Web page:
Can we write? Is our writing “good enough” to publish? Will anyone read, or even care about, what we write?

I’ve long overcome any issues I faced about journalism style writing. I’m confident in my abilities to pull together a good feature story or another journalistic piece given my educational background in mass communications and my years of experience in journalism. And with several years of blogging to my credit, I’m also confident in that writing style.

It’s poetry which has challenged my confidence. Although I’ve written poetry off and on since high school—which stretches back nearly four decades—I’ve never written much poetry, at least not enough to consider myself a true poet. Until now.

Finally, this year, with the publication of two poems in two Minnesota literary journals and winning the spring Roadside Poetry contest, I’m comfortable adding “poet” to my writing credentials.

Getting to the point of feeling comfortable with the term “poet” really began 11 years ago with publication of a poem in Poetic Strokes, A Regional Anthology of Poetry from Southeastern Minnesota, Volume 2. I considered that a stroke of good fortune. But when four more poems published in the next two volumes, I began to think that maybe, just maybe, I could write poetry. After all, I had competed against other writers to get into the Poetic Strokes anthologies.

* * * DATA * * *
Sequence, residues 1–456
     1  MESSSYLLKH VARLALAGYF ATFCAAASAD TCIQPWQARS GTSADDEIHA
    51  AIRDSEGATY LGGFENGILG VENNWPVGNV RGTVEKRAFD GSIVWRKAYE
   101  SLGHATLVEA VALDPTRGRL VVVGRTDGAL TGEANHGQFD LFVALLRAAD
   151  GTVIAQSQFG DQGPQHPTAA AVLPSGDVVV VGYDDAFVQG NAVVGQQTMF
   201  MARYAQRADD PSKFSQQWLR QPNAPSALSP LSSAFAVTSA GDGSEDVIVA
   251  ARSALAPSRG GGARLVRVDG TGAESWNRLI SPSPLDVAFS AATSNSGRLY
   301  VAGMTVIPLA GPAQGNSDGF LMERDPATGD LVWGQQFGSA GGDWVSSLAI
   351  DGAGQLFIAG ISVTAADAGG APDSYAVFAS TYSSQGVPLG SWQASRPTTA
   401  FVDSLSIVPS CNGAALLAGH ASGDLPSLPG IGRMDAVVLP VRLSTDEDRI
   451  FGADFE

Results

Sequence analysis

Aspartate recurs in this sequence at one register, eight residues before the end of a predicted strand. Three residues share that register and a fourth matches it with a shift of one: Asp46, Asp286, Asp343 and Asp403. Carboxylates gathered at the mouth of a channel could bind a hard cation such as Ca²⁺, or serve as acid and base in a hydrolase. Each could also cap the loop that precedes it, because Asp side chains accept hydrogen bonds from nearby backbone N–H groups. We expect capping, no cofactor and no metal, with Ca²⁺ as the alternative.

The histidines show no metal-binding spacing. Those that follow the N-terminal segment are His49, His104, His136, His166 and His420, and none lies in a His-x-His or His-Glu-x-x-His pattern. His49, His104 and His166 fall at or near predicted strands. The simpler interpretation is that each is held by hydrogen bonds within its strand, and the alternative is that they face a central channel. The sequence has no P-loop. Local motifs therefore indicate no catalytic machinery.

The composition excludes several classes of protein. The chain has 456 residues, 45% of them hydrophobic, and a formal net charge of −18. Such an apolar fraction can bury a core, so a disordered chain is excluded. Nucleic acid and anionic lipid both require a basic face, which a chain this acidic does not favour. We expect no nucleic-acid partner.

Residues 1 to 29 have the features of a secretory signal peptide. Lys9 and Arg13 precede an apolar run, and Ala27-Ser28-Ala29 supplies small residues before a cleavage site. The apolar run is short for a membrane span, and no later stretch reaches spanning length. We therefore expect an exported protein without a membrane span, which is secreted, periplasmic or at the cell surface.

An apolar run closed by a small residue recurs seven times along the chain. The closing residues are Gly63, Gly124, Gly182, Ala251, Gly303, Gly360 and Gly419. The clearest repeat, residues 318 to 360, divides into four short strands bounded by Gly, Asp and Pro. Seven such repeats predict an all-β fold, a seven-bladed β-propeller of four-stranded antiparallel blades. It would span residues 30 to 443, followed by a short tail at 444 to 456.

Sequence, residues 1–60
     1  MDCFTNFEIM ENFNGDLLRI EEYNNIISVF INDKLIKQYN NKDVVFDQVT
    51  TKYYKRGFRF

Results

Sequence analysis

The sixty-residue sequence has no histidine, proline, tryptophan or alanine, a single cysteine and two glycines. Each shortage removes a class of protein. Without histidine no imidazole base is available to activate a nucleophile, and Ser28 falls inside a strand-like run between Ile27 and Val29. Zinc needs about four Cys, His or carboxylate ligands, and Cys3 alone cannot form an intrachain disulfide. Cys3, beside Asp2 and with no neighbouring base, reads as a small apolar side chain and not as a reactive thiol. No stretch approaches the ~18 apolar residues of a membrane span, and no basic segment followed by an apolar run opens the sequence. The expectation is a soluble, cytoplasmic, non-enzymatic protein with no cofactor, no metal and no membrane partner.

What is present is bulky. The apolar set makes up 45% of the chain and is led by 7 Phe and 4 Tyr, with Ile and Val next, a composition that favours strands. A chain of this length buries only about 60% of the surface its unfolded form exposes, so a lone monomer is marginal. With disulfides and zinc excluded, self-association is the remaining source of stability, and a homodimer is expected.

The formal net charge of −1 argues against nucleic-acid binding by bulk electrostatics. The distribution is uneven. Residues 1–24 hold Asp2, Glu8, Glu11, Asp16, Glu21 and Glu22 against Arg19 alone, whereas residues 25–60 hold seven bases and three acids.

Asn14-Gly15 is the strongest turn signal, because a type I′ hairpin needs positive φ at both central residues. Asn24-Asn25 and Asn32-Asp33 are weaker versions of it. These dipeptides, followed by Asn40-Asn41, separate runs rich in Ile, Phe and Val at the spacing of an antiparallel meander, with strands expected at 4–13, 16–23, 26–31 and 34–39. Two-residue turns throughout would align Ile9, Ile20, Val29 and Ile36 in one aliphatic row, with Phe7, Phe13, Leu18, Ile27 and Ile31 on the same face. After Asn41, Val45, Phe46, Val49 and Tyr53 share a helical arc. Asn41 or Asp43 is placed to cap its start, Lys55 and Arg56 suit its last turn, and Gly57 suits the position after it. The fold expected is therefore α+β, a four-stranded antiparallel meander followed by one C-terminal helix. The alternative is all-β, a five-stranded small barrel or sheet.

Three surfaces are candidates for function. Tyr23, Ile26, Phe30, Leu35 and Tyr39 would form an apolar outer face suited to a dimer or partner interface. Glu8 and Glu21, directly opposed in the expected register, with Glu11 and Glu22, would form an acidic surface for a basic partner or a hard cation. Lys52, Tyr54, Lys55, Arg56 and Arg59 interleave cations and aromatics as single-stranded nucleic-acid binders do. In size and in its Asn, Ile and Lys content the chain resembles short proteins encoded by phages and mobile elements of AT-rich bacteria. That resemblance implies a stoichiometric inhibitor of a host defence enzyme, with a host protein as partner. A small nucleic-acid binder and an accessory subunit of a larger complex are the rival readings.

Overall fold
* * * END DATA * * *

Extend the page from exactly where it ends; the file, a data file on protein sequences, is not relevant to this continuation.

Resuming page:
Then I had a poem accepted for publication in The Lutheran Digest.

Next, I earned an honorable mention for my poem, “Hit-and-Run,” published last year in The Talking Stick, Forgotten Roads, Volume 19.

Finally, this year, I had an official poet epiphany when I entered three poetry competitions and was subsequently published on Roadside Poetry billboards, in The Talking Stick, Black & White, Volume 20 and Lake Region Review.

Although I don’t know how many poets I competed against in Roadside Poetry, I do have the numbers for the two literary journals. The Talking Stick this year published 140 pieces of poetry, creative nonfiction and fiction from 99 writers, me being one of them with my poem, “Abandoned Barn,” and my creative nonfiction, “Welcome Home.” That’s out of 326 submissions from 171 writers.

Look at the list of writers, and you may recognize a few names like Marge Barrett, Tim J. Brennan, Charmaine Pappas Donovan, Jerry Mevissen, Candace Simar…

It’s quite a process to get into The Talking Stick with five members of The Jackpine Writers’ Bloc reading all of the entries and then an editorial board meeting to vote and discuss. The top four to seven favorites in each category are then forwarded to celebrity judges—this year Kris Bigalk, Kevin Kling and Alison McGhee—to choose first and second place winners in each division.